The language is poetic and immerses you into the world of every character there is, and Barbara definitely has the knack to make you totally absorbed in a story that is not a thriller, and yet opens up a new world to you and keeps you reading, more and more absorbed in the story as you go along for the ride. You will enjoy the experience.

 

8/10

–  –  Krishna

Book: Adventures of Huckleberry Finn by Mark Twain

Filed under: Books — Tags: , , , , — krishnafromtoronto @ 2:26 am

imageThe author dares in his Notice for the readers to find any moral or plot or motive for the story. The threat is well made, though intended as humour,  since I could not find any of these in the story at all.

 

Cute story though. Huckleberry joins Tom Sawyer in a gang where they want to murder and pillage and want to ransom some people without even knowing what ransom is. Mark Twain is known for his one liner humours and this story is also written in the style of his famous Tom Sawyer. Huckleberry is an orphan being raised by a woman who tries to make him “civilized”.

 

He is beset by his good-for-nothing father who accuses him of putting on airs and asks him to stop going to school forthwith, and takes the only dollar Huck had to go drinking. He gets upset and takes Huck away and locks him up in a cabin. When he tries to harm Huck, he manages to wait until his dad is away, fake his own death and go off to an isolated island where he meets Jim, Ms Watson’s slave who has run away because he hears that Ms Watson plans to sell him away.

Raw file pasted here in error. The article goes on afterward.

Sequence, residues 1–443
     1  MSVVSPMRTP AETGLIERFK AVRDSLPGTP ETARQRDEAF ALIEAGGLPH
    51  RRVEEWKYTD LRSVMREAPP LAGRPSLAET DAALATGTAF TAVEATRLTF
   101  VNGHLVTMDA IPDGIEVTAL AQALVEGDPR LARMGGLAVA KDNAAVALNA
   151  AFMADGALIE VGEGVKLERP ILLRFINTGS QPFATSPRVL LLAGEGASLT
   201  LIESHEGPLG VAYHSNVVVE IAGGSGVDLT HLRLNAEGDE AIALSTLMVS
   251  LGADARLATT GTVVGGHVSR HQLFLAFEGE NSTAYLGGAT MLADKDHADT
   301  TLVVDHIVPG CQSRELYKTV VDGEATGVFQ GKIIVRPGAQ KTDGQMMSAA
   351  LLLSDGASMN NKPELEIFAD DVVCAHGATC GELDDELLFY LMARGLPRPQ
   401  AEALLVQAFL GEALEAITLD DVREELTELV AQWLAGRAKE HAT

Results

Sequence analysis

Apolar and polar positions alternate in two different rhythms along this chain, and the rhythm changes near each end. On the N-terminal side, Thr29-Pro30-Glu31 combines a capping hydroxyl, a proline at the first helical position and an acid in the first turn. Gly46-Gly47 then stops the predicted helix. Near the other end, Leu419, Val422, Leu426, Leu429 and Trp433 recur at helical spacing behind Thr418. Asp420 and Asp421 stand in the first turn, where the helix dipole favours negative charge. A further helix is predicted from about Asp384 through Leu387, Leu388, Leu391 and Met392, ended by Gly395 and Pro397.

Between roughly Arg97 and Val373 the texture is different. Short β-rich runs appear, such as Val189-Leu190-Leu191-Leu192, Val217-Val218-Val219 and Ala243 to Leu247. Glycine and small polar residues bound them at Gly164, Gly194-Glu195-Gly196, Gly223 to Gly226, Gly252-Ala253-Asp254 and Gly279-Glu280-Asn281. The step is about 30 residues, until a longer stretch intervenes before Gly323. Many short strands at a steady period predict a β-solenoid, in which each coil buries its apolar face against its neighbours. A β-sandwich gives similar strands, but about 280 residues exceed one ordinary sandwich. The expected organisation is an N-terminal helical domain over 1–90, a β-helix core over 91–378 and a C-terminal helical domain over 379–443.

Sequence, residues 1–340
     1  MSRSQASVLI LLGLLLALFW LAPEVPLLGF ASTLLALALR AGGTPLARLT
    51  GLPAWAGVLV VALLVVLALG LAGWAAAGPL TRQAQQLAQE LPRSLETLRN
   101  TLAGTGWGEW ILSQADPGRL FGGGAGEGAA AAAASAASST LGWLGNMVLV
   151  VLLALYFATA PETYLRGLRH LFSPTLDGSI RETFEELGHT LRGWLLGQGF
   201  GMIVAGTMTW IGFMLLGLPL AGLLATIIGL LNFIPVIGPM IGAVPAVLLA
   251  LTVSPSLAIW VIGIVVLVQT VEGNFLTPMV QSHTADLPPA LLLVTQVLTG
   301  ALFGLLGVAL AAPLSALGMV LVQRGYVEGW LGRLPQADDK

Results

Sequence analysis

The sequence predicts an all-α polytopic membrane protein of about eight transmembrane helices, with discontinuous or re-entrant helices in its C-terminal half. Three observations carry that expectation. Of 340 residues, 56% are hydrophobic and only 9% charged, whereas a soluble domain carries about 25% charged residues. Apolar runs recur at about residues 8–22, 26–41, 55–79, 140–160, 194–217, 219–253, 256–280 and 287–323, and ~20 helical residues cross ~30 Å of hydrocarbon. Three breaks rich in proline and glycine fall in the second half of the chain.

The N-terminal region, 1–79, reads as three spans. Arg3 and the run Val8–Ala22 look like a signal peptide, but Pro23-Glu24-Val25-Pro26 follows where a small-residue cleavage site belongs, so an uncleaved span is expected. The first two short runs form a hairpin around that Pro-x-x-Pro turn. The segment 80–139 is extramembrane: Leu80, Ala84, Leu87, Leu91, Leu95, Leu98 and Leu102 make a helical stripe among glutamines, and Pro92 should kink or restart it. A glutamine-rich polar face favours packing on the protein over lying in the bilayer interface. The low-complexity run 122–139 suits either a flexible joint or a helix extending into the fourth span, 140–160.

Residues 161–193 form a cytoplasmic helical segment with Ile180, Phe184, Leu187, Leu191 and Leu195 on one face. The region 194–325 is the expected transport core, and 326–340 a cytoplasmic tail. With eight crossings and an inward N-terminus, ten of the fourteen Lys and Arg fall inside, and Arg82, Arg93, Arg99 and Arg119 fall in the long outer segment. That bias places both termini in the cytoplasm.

When Huck finds that the town is looking to lynch Jim because they think that it was he who killed Huck, he alerts Jim and they move on in the raft down the Mississippi and they surprise a gang plotting killing of one of its own members in an abandoned ship. It all reads like a cheap two-penny Western book of old times. Which fills you with surprise because this is one of the best known classics of all times.